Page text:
Tema je ovoga rada sintaktičko-semantički opis osjetilnih glagola u hrvatskome jeziku, a teorijske postavke oslanjaju se na načela kognitivnolingvističkih pristupa gramatičkomu opisu, posebno na kognitivnu gramatiku Ronalda Langackera (1987, 1991, 1999, 2000, 2001, 2013 itd.) kao središnju teoriju. Jedna je od temeljnih ideja kognitivnolingvističkih pristupa gramatičkomu opisu općenito ideja utjelovljenja (engl. embodiment), odnosno ideja da način na koji ostvarujemo interakciju sa svijetom koji nas okružuje utječe na način na koji konstruiramo i razumijevamo značenja. Značenje je konceptualizacija, a ta konceptualizacija može uključiti sve vrste fizičkih i nefizičkih entiteta, materijalni svijet, ali i osjetilna, kinestetička, intelektualna, emocionalna i ostala umna iskustva. Značenja dakle ne postoje sama po sebi, već uključuju cjelokupno govornikovo znanje, i jezično i enciklopedijsko, a temelji se na ljudskim kognitivnim sposobnostima. Budući da kontakt između vlastitoga fizičkog tijela i svijeta koji nas okružuje uspostavljamo upravo pomoću osjetila, a informacije koje njima primamo obrađujemo i smisao im dajemo pomoću različitih umnih kognitivnih sposobnosti, onda jedan od ciljeva svakoga gramatičkog opisa mora biti opis i razumijevanje kognitivnih procesa koji su uključeni u jezično konstruiranje određenoga iskustva. U jeziku se naime manifestiraju mnogi fenomeni koji su vidljivi u različitim aspektima kognicije, a jezik ih upotrebljava i ispoljava na svoj vlastiti način i u svojoj vlastitoj organizaciji. Lingvističko se značenje nalazi u konceptualizaciji koja je opisana kao dinamična, interaktivna, slikovna (suprotna propozicijskoj) i imaginativna (uključuje fenomene poput metafore, metonimije, konceptualne integracije, mašte i sl.). Međutim pomoću tih općih značajki ne može se dovoljno eksplicitno i detaljno opisati konceptualna struktura, pa se stoga u okviru kognitivne gramatike za tu svrhu predlažu određeni pojmovi i koncepti. U najširemu smislu značenje se sastoji od određenoga sadržaja i određenoga načina konstruiranja toga sadržaja (engl. construing content). Izraz konstrual (engl. construal) ili način konstruiranja značenja odnosi se dakle na našu očiglednu sposobnost zamišljanja i portretiranja određene situacije na puno različitih načina. Pojmovi kojima se Langacker koristi za opis velike grupe različitih postupaka konstruiranja značenja ili konstrualnih operacija jesu specifičnost (engl. specificity), usredotočenost (engl. focusing), istaknutost (engl. prominence) i perspektiva (engl. perspective), a svaka od njih podrazumijevaju različite mentalne, kognitivne postupke poput kategorizacije, asocijacije, shematizacije itd., koji su usko povezani s različitim perceptivnim modalitetima, posebice onim vidnim te načinom na koji pomoću osjetilnih organa doživljavamo svijet koji nas okružuje i informacijama koje o njemu na taj način prikupljamo, a koji predstavljaju važan dio metodološkoga aparata u ovome radu. Još jedna od teorijskih okosnica koje ovaj rad slijedi jest i ideja da gramatika nije zaseban, samodostatan, formalan sustav, već da sa semantikom čini kontinuum te da i sama ima značenje i reflektira naša temeljna iskustva sa svijetom koji nas okružuje. Središnja ideja kognitivne gramatike jest da je jezik u svojoj prirodi simboličan. I leksikon i gramatiku Langacker reducira na „bipolarne" simboličke jedinice čiji jedan pol definira semantička, a drugi fonološka jedinica, čime se naglašavaju semiološka i interaktivna funkcija jezika kao temeljne. Osjetilni glagoli, koji su glavni predmet ovoga rada, kodiraju dakle iskustva o svijetu do kojih dolazimo tijelom, odnosno osjetilima vida, sluha, njuha, okusa i opipa, a tim se izravnim tjelesnim iskustvima koristimo da bismo razumijeli i artikulirali puno kompleksnije, apstraktne ideje, poput emocija i drugih entiteta našega unutrašnjega, neopipljivoga svijeta, pa stoga predstavljaju bogat izvor za figurativno izražavanje, iz čega proizlazi i njihova izrazita polisemičnost, koja se u jeziku ostvaruje i kroz različite sintaktičke strukture, pa ćemo stoga posebnu pozornost posvetiti analizi kognitivnih procesa koji su uključeni u konstruiranje različitih značenja i uporaba osjetilnih glagola u svakodnevnome govoru, odnosno njihovih prototipnih i neprototipnih značenja. Važno je pitanje pritom i kako značenja drugih elemenata u rečenici utječu na ukupno značenje, odnosno proizlaze li različita značenja osjetilnih glagola iz samoga glagola ili interakcije njegova značenja sa značenjem njegovih argumenata te u kolikoj mjeri značenjska struktura glagola utječe na različita sintaktička okruženja u kojima se glagoli javljaju. U središtu će pozornosti stoga biti ne samo glagoli sami po sebi, već konstrukcije višega reda u kojima su pojavljuju. Polazeći od toga opisi i analize u ovome radu bit će utemeljeni na uporabi (engl. usage-based) i organizirani s obzirom na kontekst u kojem se osjetilni glagoli pojavljuju, a značenje se poima kao konceptualna kategorija s enciklopedijskom pozadinom. Budući da je kognitivna gramatika, kao što smo napomenuli, model jezičnoga opisa utemeljen na uporabi, u analizi osjetilnih glagola uvelike ćemo se oslanjati na mrežno dostupne baze jezičnih podataka poput hrWaC-a, Hrvatskoga nacionalnog korpusa, Hrvatske jezične riznice, Hrvatskoga jezičnoga portala i leksikografske izvora, a navodit će se i neke konvencionalne i općepoznate konstrukcije iz svakodnevnoga razgovornog jezika. Pritom ćemo se usredotočiti na značenja koja osjetilni glagoli u različitim konstrukcijama prenose, na kognitivne mehanizme koji stoje iza tih značenja i utječu na sintaktička okruženja u kojima se osjetilni glagoli upotrebljavaju te na događajnu strukturu konstrukcija u kojima se pojavljuju. Iako u svjetskoj stručnoj i znanstvenoj literaturi postoje brojni radovi koji se bave osjetilnim glagolima, a posebice onima vida, osjetilni glagoli još uvijek nisu dovoljno rasvijetljeni te i dalje predstavljaju izazov, a u hrvatskoj stručnoj i znanstvenoj literaturi posvećeno im je jako malo pozornosti.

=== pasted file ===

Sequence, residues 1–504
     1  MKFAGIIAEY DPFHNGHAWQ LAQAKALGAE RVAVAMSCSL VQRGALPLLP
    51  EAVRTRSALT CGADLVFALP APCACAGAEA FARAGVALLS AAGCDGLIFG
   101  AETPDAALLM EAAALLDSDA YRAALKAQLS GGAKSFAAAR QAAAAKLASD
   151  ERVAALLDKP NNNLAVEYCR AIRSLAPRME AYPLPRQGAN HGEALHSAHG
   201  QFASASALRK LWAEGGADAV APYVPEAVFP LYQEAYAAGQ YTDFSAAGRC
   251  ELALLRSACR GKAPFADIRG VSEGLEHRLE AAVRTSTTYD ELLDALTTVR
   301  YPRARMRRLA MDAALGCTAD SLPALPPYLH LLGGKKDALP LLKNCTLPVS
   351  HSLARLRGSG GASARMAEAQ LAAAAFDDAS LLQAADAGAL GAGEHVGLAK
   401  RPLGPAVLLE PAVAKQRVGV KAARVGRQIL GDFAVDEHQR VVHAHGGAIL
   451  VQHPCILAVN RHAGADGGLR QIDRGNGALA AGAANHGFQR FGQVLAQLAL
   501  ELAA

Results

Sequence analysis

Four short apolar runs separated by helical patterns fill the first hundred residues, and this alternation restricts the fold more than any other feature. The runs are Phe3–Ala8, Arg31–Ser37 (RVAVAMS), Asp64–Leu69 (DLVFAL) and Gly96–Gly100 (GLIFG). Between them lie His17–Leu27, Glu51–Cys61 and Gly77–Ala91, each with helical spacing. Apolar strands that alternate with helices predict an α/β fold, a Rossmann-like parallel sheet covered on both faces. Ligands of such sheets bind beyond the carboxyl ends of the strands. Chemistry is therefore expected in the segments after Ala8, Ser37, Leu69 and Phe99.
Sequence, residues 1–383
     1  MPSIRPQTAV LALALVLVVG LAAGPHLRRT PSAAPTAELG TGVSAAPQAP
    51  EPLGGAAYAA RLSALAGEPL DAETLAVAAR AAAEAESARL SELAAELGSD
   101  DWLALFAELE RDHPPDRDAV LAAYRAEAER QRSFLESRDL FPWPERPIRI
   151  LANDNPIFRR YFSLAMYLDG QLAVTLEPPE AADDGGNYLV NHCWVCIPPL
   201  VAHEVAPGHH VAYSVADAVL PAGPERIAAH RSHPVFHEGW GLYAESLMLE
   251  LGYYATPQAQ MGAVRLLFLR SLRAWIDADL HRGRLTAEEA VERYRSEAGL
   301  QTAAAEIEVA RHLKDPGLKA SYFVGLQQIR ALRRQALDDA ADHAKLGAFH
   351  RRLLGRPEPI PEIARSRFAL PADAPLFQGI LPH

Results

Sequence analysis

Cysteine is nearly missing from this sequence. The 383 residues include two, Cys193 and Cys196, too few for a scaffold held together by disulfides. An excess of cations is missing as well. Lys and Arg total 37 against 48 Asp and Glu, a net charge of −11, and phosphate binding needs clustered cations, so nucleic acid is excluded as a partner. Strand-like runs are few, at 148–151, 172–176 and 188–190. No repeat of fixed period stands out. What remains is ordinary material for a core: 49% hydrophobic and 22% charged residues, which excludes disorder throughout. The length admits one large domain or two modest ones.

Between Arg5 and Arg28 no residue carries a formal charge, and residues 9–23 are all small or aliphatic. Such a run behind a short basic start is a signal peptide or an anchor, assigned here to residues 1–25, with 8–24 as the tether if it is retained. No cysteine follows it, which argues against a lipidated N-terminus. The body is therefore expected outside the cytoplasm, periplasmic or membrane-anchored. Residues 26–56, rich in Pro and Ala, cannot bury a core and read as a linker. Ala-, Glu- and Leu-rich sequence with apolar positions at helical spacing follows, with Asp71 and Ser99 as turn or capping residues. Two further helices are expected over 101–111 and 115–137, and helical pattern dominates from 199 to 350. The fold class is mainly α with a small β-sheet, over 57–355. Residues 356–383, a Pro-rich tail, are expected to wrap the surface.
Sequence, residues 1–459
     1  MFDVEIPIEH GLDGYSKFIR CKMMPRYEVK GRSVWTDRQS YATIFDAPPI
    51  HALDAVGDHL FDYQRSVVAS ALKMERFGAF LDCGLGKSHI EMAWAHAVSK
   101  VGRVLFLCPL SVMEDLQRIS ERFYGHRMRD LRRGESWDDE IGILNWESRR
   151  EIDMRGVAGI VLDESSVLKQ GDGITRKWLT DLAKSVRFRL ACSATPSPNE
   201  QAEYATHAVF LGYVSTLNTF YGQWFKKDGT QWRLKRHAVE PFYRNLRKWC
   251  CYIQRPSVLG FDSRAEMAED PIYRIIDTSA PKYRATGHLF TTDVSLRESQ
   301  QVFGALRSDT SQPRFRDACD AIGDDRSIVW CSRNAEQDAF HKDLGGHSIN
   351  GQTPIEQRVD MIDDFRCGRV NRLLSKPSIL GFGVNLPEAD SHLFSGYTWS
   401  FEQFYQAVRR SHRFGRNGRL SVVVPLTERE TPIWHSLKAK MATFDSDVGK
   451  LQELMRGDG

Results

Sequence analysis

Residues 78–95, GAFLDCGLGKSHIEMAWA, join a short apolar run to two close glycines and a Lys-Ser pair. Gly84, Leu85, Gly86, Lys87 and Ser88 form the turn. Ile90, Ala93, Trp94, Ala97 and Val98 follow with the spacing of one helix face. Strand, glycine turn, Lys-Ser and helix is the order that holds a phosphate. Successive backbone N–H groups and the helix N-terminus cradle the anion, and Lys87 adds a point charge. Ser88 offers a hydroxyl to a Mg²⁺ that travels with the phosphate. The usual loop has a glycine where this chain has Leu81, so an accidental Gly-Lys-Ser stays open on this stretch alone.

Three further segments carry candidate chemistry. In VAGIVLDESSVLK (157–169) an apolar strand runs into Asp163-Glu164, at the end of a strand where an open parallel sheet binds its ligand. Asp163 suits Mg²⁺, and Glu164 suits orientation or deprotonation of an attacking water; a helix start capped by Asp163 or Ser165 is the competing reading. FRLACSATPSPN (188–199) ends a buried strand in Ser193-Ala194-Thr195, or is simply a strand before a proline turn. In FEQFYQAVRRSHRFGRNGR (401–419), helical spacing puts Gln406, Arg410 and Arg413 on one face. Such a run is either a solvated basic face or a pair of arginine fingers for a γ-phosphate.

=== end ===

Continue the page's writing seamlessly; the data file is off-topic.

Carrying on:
|Sažetak (engleski)|| |